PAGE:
Oxfam did the world another service recently by producing a report called A Leap of Faith: Conversations with Funders of Women’s Organizations. The report, which was written by I.G. Advisors, tells the story of how the funding landscape for women and girls feels close up — the ways that these funders struggle with trusting their grantees while also finding useful metrics to measure their work.

Oxfam has produced a new report studying how funders for women and girls approach their work. (PHOTO CREDIT: Nana Kofi Acquah / Oxfam)

Dr. Fenella Porter of Oxfam introduces the report by examining the profound power imbalances that exist between grantees and grantmakers across the board. She suggests that one form of power that grantees have is the power inherent in being the information collectors — the bringers of knowledge. “Knowledge is certainly power,” Porter continues, “but we must also recognize the many other power imbalances” that exist in philanthropy.

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#WomenFunded2019: Highlights from the First Day

The first day of #WomenFunded2019 just wrapped up. With electrifying energy, the 400 people in attendance today engaged with a wide range of issues and topics. Here are some highlights.

MONEY: Where is the Money Going? How Philanthropists, Corporate Leaders, and Investors are Advancing Gender Equity

The first panel of the day included Kat Taylor, President and CEO of Beneficial Bank, Paulette Senior of the Canadian Women’s Foundation, Pamela Shifman, Executive Director of the NoVo Foundation, Mary Chandler, Vice President of the Cummins Foundation, and Ada Williams Prince of Pivotal Ventures. The panel was moderated by Denise Dunning, Founder and Executive Director of Rise Up.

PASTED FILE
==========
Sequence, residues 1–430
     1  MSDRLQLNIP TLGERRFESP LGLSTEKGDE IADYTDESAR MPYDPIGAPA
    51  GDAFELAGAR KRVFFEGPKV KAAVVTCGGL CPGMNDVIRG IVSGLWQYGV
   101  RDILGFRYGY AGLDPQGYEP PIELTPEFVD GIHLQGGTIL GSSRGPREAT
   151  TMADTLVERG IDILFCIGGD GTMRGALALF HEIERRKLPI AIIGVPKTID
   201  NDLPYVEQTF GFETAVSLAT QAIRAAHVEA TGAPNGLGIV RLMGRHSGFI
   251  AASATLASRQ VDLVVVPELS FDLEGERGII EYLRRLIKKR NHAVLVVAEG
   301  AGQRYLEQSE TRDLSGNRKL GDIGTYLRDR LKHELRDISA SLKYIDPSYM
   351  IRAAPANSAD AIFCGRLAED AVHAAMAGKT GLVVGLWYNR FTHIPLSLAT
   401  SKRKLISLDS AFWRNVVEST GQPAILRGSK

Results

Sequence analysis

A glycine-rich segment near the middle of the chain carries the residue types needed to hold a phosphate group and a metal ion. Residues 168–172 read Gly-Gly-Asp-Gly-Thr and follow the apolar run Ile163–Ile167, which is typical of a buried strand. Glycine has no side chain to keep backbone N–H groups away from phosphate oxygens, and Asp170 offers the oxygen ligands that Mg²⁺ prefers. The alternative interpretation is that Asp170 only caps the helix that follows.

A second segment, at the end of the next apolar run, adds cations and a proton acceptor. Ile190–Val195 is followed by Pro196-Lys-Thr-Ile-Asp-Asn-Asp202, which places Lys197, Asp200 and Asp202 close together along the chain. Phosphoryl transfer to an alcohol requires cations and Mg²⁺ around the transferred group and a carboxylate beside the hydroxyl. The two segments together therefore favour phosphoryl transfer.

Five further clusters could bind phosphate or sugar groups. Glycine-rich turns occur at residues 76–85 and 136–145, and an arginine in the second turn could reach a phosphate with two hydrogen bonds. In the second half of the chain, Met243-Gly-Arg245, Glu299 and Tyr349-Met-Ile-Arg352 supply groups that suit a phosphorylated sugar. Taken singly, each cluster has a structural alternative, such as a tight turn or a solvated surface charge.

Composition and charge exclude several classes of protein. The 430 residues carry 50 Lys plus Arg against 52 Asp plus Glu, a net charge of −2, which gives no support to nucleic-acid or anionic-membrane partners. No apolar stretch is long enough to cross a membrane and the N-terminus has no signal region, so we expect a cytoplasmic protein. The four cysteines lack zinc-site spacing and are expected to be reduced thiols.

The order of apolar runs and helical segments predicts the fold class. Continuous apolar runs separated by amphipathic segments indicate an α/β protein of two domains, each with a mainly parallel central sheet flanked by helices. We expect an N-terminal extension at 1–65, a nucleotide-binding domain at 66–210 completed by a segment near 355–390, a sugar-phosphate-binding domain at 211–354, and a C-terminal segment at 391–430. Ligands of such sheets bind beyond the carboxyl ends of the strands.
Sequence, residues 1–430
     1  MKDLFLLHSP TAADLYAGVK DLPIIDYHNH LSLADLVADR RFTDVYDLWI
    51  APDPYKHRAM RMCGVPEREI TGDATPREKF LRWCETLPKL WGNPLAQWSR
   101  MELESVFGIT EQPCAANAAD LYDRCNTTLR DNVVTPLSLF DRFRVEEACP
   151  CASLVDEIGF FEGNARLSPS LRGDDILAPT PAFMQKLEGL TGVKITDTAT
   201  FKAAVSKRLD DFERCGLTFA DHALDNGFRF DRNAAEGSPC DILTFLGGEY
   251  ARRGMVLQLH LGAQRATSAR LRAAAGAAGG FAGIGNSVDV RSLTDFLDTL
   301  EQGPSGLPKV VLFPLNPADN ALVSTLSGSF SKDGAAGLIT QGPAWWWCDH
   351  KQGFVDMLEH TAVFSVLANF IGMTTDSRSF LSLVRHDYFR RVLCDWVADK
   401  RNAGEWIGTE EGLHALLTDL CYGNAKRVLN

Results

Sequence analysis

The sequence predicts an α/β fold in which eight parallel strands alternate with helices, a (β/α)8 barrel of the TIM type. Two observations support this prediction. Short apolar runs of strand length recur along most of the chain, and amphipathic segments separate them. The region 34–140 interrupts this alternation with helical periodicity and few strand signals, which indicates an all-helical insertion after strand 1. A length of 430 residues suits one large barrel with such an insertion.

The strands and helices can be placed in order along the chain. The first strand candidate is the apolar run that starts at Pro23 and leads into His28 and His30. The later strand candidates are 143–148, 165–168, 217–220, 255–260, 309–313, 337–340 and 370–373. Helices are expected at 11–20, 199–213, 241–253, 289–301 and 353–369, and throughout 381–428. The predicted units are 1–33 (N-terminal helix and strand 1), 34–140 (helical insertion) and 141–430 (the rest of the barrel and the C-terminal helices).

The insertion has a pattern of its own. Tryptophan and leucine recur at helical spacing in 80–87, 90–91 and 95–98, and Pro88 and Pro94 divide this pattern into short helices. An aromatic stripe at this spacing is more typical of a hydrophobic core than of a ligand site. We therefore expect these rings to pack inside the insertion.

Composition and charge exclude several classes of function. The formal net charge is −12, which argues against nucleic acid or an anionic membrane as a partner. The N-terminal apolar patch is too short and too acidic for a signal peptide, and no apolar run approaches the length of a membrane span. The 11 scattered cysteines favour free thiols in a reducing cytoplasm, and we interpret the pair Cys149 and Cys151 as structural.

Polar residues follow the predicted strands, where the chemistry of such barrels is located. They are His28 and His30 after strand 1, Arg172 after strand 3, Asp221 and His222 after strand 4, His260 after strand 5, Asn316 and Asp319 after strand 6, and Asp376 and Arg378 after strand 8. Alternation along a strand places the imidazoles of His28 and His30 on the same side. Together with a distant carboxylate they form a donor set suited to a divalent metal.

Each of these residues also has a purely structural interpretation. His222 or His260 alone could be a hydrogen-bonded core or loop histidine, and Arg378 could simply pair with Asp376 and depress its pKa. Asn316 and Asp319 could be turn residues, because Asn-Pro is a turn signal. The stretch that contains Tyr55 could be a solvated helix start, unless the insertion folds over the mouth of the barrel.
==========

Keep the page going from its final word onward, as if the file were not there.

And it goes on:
The panelists spoke from a personal perspective on how they became invested in gender equality. Many spoke of early life experiences of inequality that left a indelible mark. Pamela Shifman, Executive Director of the NoVo Foundation, shared about witnessing domestic violence experiences of friends as a child and young adult and remembered thinking, “This can’t be the reality of so many people I love.”

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Joining Forces To Empower Women in Senegal

Local girls enjoy clean water from a rehabilitated well in Senegal. Photo Credit: CREATE! (@createsenegal)

Where are the effects of climate change felt the strongest?